5. I’ve worked with the pi 3 before and I know it’s reliable.
    6. The canakit for the pi 3 is cheaper than ever, possibly due to the popularity of the pi 4. The pi 4 would have been overkill for this project.

    After building, I pointed my phone, my tablet, and my tv at the raspberry pi, and started browsing and watching. After 18 hours of uptime, 709 requests have been blocked out of 8001. I have noticed sites like imgur and Questionable Content running much smoother, and have seen an overall decrease in ads on mobile sites for articles. My next step will be to point my desktop at it, and see how it affects gaming (if there’s any notable lag).

    So for all of $80, I have network level ad blocking across as many devices as I want. Not too shabby.


  • I’ve come across some articles (this one in particular) that bash on convertibles, and don’t pull the punches. 

    I have also noticed, during my recent search for a new car, that American domestics have all but given up the convertible form factor. Your options, as of 2019, for a new convertible are limited to the following: The Buick Cascada, the Chevrolet Camaro, the Ford Mustang, and, even though I would barely count it as convertible, the Tesla Roadster.

    Before I delve any further into refuting the alleged downsides of convertibles, however, I want to extoll their virtues.

    The Highway Example

    Imagine you’re driving down Highway 1 on the golden coast in the middle of summer. It’s a brilliantly bright day, heat tempered into comfortable warmth by the ocean air, occasional patches of mist brush against you, making your skin tingle. The wind is lightly tousling your hair, and you have a playlist of The Eagles and America music keeping you company.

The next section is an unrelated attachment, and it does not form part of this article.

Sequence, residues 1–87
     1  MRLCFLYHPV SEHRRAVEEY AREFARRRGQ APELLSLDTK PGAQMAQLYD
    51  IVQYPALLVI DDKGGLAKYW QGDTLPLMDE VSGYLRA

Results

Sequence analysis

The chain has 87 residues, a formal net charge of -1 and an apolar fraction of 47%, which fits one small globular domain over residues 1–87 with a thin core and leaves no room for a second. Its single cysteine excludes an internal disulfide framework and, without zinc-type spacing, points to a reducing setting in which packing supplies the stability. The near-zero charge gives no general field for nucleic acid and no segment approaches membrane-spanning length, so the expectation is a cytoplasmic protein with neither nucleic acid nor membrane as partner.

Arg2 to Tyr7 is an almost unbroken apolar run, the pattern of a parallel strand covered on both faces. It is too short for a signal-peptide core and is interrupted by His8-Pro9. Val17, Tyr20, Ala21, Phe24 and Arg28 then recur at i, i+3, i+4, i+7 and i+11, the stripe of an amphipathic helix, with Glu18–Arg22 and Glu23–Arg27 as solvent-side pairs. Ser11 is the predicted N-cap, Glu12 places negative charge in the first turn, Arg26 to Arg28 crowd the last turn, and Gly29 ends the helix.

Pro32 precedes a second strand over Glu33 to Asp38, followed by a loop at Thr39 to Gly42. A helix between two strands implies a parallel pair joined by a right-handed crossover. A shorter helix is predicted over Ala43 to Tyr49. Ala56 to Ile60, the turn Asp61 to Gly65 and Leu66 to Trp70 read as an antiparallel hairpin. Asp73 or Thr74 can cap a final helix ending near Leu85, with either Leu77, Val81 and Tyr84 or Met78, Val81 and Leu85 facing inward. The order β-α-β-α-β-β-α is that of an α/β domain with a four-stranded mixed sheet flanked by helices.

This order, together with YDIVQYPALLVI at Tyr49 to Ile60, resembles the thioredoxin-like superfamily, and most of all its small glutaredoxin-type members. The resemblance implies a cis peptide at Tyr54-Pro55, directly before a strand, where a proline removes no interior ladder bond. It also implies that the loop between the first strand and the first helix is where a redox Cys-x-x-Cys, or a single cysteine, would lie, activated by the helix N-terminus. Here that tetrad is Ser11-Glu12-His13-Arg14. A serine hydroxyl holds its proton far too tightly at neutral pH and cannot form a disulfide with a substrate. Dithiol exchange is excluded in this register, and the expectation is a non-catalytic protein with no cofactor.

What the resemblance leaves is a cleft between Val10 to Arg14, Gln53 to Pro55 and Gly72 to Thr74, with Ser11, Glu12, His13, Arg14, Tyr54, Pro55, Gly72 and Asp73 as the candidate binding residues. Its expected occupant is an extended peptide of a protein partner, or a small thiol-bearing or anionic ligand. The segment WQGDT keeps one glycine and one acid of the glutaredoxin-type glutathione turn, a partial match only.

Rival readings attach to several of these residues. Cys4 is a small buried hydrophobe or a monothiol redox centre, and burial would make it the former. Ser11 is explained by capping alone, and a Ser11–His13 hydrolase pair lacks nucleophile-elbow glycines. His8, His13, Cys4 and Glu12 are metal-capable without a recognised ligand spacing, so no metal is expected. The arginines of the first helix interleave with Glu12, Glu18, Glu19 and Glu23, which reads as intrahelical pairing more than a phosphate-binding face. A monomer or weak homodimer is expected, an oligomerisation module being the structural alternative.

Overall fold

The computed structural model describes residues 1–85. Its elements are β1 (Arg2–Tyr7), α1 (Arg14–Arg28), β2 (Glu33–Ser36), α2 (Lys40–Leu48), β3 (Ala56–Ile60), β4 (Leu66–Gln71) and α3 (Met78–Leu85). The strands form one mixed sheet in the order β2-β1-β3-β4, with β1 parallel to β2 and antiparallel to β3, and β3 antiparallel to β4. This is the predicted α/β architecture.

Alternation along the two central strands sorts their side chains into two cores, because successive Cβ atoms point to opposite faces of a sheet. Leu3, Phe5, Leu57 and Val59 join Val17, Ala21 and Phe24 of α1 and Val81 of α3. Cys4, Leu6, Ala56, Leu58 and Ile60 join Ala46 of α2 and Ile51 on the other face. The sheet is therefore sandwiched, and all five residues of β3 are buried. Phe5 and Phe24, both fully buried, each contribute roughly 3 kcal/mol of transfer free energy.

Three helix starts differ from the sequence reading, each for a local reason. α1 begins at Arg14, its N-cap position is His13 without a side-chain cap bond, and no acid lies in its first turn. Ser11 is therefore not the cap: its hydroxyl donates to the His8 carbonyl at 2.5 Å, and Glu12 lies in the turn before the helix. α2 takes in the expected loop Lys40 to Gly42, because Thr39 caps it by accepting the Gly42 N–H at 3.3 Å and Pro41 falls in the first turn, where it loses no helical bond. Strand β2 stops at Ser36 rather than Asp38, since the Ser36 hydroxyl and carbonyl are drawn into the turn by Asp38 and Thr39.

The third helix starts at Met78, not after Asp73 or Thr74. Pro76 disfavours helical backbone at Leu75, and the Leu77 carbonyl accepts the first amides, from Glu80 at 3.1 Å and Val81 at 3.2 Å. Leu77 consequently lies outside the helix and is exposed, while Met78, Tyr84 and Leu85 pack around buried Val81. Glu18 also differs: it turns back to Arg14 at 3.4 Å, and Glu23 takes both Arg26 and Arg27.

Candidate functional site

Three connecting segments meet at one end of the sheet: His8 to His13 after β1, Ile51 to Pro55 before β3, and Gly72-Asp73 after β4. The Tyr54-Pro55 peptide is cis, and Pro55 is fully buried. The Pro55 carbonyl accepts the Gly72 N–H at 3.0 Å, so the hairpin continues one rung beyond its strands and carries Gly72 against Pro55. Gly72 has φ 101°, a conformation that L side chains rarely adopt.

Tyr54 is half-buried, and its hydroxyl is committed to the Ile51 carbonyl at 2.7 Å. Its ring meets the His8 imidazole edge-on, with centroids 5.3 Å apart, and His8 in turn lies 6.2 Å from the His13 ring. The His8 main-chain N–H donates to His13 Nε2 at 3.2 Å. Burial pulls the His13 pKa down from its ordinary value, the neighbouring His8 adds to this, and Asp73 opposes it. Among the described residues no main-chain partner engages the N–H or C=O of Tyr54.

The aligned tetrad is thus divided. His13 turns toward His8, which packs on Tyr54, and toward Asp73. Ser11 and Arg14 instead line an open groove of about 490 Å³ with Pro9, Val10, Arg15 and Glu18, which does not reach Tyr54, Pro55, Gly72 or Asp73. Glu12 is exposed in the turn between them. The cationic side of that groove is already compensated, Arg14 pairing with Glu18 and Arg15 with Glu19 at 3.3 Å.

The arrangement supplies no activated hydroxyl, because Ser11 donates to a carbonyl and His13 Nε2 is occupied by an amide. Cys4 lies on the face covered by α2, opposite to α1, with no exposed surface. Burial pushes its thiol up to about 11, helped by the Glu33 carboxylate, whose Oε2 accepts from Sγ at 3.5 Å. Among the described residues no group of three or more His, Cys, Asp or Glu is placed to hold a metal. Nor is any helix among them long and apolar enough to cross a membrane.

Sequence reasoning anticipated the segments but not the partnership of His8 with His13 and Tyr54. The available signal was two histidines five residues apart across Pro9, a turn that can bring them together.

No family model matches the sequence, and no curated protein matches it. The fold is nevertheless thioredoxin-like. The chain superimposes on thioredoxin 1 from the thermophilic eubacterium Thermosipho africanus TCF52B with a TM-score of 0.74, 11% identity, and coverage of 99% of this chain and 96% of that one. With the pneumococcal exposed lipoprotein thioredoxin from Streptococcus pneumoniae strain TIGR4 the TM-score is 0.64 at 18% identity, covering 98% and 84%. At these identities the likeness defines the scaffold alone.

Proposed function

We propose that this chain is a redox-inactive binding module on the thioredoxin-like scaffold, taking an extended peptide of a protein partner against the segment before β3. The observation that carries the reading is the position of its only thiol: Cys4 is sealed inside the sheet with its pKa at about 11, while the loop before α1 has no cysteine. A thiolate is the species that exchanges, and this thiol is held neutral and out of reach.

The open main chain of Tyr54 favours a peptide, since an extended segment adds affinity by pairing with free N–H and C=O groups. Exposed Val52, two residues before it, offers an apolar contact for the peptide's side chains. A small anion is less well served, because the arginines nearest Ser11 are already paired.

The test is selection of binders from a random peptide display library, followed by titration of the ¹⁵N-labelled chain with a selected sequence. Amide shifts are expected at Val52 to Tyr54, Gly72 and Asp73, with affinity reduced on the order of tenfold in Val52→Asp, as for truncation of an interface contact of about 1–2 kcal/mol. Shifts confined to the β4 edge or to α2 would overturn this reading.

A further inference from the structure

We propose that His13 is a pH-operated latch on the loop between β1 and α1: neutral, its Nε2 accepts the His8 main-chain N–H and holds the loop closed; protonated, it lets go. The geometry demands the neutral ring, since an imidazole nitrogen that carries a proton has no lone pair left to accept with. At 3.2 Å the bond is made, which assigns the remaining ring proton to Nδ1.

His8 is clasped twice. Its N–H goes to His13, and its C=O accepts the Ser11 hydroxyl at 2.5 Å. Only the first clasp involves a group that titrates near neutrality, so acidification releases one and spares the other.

Now, forget everything in the above paragraph. You’re still driving down Highway 1, but you have no idea what it’s like outside b/c you don’t have a convertible. The A/C is sterilizing the ocean air, the roof prevents any sun from hitting you, and your windshield wipers dispel any mist on the windshield. It’s a clinical, detached experience, devoid of anything that makes driving enjoyable.

    That’s a large difference, but I think it best illustrates why you’d want to own a convertible. It’s not because it’s the fastest, or the most practical, or the safest. 

    It’s because a convertible lets you enjoy the world as you drive through it. It’s an immersive experience, and takes the monotony out of even the most boring of commutes, time and again. 

    But back to talking about convertibles

    I was a little cheesed that there’s not as much in the way of convertible selection as there used to be in America. I can understand why. 

    • They’re not as safe as their full body counterparts.
    • They’re not really practical for a family. (see the rise in SUVs)
    • They’re typically more expensive than their full body counterparts.

    I’d like to imagine that, even given the above facts, convertibles still appeal to the rebel in all of us, even more so than motorcycles. I’m going to rebut most of the claims made by Aaron Miller in the article I’ve linked to above in an effort to make the convertible more attractive.

    1 – He complains about bird poop